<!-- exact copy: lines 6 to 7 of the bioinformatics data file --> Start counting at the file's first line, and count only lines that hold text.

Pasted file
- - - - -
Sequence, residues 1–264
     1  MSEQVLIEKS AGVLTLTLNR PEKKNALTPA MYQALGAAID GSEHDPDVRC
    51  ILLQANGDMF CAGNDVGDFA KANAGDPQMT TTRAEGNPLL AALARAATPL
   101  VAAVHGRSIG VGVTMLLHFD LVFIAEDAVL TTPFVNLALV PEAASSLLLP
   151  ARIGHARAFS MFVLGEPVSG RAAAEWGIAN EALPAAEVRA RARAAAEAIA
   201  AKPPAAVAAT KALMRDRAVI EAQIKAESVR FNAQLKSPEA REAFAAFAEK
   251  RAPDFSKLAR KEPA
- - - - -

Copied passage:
   201  AKPPAAVAAT KALMRDRAVI EAQIKAESVR FNAQLKSPEA REAFAAFAEK
   251  RAPDFSKLAR KEPA